“I feel ready, I’m not going to lie … The doctor is the one. I said, ‘You know, doc, I’m going with exactly what you say. You’re the only one who knows exactly what you did in there.’”
Fernandez returning to the Marlins rotation is undoubtedly exciting for baseball and its fans—especially Miami’s—but the team itself is hurting off the field with injuries and are even worse off on the field in terms of performance. It remains to be seen what kind of impact his presence will have going forward this year, but I can’t imagine the Marlins climbing up the NL East standings anytime soon.
On a separate note, one player who will be hoping his return means good things for a team that is already in first place is Matt Moore of the Tampa Bay Rays. Moore is also on his way back from Tommy John surgery and was slated to pitch in one last rehab start on Friday night but a rain delay scrapped those plans. Instead he pitched Saturday and plans to re-join the team this week.
The Rays hold an extremely slim lead over the likes of New York, Baltimore, and Toronto entering play Saturday but are certainly contenders. Moore’s return is just what the doctor ordered.
To Sell or Not to Sell
Of course nothing comes without its bad news, and while I’ve already touched on Miami twice, let’s hear it for ’em one last time: the Marlins, at 31–45, could and probably should be sellers—outside of Fernandez and Stanton, of course. Other clubs that undoubtedly find themselves on this list are the Phillies (26-49) and Brewers (28–48).
Then there are those on the fringes, such as ASG hosts Cincinnati (34–38) and just shy of 15 games back of first in the division, as well as three teams that—given their offseasons—were supposed to perform much better than we’ve come to see.
Those include the Chicago White Sox (32–41, 11.5 GB), Seattle Mariners (34–41, 8 GB), and San Diego Padres (37–40, 6.5). The Padres make this list solely due to underachieving, but in reality they shouldn’t be sellers at the trade deadline. After all, their entire offseason consisted of buying, buying, and a little more buying. While the White Sox and Mariners have tough roads ahead, the Padres still have a legitimate shot out West—specifically as a wild card participant.
Pre-ASG Division Pictures
Who would have thought the Houston Astros would be leading the AL West this season? At 43–33 their lead stands at five games. I’ve already touched on the Rays leading the AL East, and to those who assumed the Kansas City Royals would drop off a bit this season (myself included), is it time we at least begin preparing our crow? At 43–28, the best record in the AL, they lead the Central Division by 4.5 games over—wait for it—the Minnesota Twins (40–34).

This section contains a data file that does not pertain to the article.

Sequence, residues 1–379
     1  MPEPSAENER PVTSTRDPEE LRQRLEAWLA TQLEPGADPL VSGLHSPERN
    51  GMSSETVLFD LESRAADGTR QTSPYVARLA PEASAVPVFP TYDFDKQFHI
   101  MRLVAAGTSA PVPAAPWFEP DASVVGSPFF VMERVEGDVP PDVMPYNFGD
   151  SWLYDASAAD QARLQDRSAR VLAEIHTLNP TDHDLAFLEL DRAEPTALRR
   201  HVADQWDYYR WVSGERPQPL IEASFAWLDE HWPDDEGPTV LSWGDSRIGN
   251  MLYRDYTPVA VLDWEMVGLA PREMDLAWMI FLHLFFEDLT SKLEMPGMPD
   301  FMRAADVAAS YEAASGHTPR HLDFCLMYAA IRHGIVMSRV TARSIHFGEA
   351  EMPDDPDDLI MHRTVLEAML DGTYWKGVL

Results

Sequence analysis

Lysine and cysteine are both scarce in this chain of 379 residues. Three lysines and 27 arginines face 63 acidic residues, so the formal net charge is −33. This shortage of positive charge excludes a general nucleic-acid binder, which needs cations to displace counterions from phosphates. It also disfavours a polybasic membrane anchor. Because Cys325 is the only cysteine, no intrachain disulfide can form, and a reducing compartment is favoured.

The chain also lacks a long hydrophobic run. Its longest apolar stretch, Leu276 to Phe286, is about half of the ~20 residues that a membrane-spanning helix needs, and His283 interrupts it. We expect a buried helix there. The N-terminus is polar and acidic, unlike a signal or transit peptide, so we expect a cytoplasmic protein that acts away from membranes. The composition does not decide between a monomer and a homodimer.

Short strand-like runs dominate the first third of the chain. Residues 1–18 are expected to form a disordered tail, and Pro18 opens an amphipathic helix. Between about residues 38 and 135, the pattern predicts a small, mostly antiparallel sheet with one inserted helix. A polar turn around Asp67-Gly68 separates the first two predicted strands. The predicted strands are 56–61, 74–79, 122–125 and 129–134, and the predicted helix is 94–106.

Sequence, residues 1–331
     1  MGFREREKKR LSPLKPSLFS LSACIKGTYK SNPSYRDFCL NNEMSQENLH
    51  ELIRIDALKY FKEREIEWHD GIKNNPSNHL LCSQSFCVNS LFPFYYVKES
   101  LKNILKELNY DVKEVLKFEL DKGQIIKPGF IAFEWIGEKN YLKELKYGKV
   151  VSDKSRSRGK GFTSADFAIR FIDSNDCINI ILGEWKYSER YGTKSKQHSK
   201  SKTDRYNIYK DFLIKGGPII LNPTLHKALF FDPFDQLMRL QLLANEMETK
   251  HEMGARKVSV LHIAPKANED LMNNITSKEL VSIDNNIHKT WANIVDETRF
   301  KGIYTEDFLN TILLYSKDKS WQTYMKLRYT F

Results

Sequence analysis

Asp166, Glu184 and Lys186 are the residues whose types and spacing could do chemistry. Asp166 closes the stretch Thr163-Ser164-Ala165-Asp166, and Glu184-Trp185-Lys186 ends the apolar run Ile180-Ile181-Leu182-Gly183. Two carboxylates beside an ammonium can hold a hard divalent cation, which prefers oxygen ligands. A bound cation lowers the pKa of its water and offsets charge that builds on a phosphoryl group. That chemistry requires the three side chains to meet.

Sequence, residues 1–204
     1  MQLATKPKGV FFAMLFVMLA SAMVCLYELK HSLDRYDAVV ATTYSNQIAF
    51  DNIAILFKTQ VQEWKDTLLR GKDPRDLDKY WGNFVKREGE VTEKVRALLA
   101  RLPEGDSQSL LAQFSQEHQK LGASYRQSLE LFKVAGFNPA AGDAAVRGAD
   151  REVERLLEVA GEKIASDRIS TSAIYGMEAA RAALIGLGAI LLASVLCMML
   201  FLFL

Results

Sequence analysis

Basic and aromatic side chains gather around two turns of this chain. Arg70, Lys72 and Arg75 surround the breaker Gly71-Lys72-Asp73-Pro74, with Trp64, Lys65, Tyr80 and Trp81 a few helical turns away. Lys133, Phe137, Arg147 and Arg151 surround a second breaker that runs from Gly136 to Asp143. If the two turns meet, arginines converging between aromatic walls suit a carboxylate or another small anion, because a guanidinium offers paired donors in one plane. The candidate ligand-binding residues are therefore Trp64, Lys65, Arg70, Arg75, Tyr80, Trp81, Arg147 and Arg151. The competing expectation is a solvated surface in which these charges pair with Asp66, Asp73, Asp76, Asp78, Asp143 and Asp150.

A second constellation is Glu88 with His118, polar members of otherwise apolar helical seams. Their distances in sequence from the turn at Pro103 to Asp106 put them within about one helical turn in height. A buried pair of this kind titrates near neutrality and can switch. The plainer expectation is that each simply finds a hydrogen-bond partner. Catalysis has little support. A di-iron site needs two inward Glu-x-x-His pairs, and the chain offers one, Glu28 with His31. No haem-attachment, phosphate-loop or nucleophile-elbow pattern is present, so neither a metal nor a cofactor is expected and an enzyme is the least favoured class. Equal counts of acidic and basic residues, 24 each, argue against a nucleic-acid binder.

In a sport dominated by clubs with unbelievably high payrolls (looking at you Boston, NY, LA), it’s refreshing to see the rebuilding process come to fruition for several small market clubs in recent years.
Sandberg Steps Down
In conclusion, the Phillies are a bad baseball team. They are loaded with aging players and awful contracts, they are nowhere near being competitive, are in desperate need of a rebuild, and so on. No manager could have taken this job thinking that any outcome this season would be remotely positive, and Ryne Sandberg was no exception.
That is part of the reason why he took it upon himself to remove himself from the situation Friday afternoon: “The fact Ryne Sandberg will not manage the Phillies in 2016 should not shock anybody. The fact he pulled the plug on himself with more than half the ’15 season to play should.”
“It was better now than later” Sandberg said. “I think it was important for me … with the way things have gone this year. It allows the organization to go forward and really get this thing going.”
Sandberg is old school and prefers that style of play—something he even promised the team would get back to this year—but no school of thought or practice was going to save the Phillies this season. Or next season, for that matter. Sandberg swallowed his pride Friday afternoon by announcing his resignation, the first of several steps on the road to recovery for the once-great Philadelphia Phillies franchise.
Statistics courtesy of Baseball-Reference.